A close-up of a woman's lips, painted a shade of red

In his central female characters, this duality is usually expressed in modified madonna/whore symbolism with a culturally predictable blonde/brunette dichotomy. It’s never subtle, and still never quite as on the nose as it is in Highway, which dives deeply into the objectification and commodification of Renee/Alice. When the police investigating Andy’s murder mull over the picture that previously bemused Pete (who at the time had even asked which woman was Alice) now shows just Renee with Laurent and Andy. It’s a not-subtle way to let the viewer fully appreciate that Fred’s perception of Renee’s betrayal is really just about his expectations for his/a wife, rather the than the actual woman that Renee was.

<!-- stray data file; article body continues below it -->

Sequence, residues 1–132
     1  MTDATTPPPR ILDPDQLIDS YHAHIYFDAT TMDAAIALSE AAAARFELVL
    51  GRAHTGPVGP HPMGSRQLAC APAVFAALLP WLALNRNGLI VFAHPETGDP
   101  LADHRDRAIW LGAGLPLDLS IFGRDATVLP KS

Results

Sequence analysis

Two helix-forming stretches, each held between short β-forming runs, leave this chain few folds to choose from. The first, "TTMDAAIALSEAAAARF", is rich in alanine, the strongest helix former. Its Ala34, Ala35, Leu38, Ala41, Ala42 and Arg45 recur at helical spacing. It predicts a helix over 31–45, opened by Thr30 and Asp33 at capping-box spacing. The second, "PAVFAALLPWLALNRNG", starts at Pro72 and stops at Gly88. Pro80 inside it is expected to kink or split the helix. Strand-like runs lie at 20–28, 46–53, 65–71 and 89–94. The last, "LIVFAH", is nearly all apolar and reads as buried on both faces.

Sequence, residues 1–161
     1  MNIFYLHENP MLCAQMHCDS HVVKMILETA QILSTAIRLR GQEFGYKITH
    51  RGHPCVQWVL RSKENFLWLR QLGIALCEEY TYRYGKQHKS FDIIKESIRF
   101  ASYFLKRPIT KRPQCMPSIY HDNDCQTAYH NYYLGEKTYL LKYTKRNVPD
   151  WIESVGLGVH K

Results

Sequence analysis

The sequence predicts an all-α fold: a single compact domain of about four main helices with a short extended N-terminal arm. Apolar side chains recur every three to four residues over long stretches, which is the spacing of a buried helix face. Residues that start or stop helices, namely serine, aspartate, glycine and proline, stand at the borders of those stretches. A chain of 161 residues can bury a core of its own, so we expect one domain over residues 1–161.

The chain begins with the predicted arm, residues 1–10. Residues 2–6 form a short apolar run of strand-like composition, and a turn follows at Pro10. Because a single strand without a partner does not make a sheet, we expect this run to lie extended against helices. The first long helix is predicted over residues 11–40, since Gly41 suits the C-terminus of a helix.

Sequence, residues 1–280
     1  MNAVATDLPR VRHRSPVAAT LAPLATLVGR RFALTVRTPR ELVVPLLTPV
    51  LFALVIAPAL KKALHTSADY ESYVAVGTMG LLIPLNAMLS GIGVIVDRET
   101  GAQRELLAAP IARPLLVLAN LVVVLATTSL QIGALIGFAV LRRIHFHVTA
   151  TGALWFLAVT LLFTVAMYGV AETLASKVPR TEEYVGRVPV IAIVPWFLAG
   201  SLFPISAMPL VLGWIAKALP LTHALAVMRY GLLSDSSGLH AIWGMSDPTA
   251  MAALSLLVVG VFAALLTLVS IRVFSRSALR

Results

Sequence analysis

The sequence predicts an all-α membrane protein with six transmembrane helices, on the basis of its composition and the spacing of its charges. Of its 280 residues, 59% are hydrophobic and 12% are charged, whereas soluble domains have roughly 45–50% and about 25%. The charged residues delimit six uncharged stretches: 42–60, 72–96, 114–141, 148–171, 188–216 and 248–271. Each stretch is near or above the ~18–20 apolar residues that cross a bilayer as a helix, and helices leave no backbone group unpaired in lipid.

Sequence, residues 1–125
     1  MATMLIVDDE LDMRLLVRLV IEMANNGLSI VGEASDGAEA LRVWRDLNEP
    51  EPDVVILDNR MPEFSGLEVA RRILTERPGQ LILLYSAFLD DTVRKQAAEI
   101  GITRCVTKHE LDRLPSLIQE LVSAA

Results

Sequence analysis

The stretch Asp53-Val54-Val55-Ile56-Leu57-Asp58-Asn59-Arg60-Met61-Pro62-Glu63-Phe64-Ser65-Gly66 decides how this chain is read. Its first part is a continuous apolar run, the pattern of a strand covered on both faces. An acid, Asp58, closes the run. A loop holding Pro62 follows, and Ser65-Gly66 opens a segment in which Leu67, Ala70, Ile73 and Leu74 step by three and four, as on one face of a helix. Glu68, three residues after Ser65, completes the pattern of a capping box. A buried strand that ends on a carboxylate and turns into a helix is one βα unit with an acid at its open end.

This hyper-idealization/sexualization goes hand-in-hand with central male characters that inhabit a world they believe to be governed by the whims of female sexuality, leaving them in a constant state of half-terrified fascination, which they process using traditional tropes of masculinity—power and sex (and cars). Highway doesn’t just use this dynamic to describe relationships; this dynamic is at its core. When Alice tells Pete that he’ll never have her, that denial humiliates the youthfully macho Pete and triggers the reemergence of Fred, who couldn’t perform in bed or do anything but scowl and wander off while his wife publicly preferred the company of other men, impotent unto murder.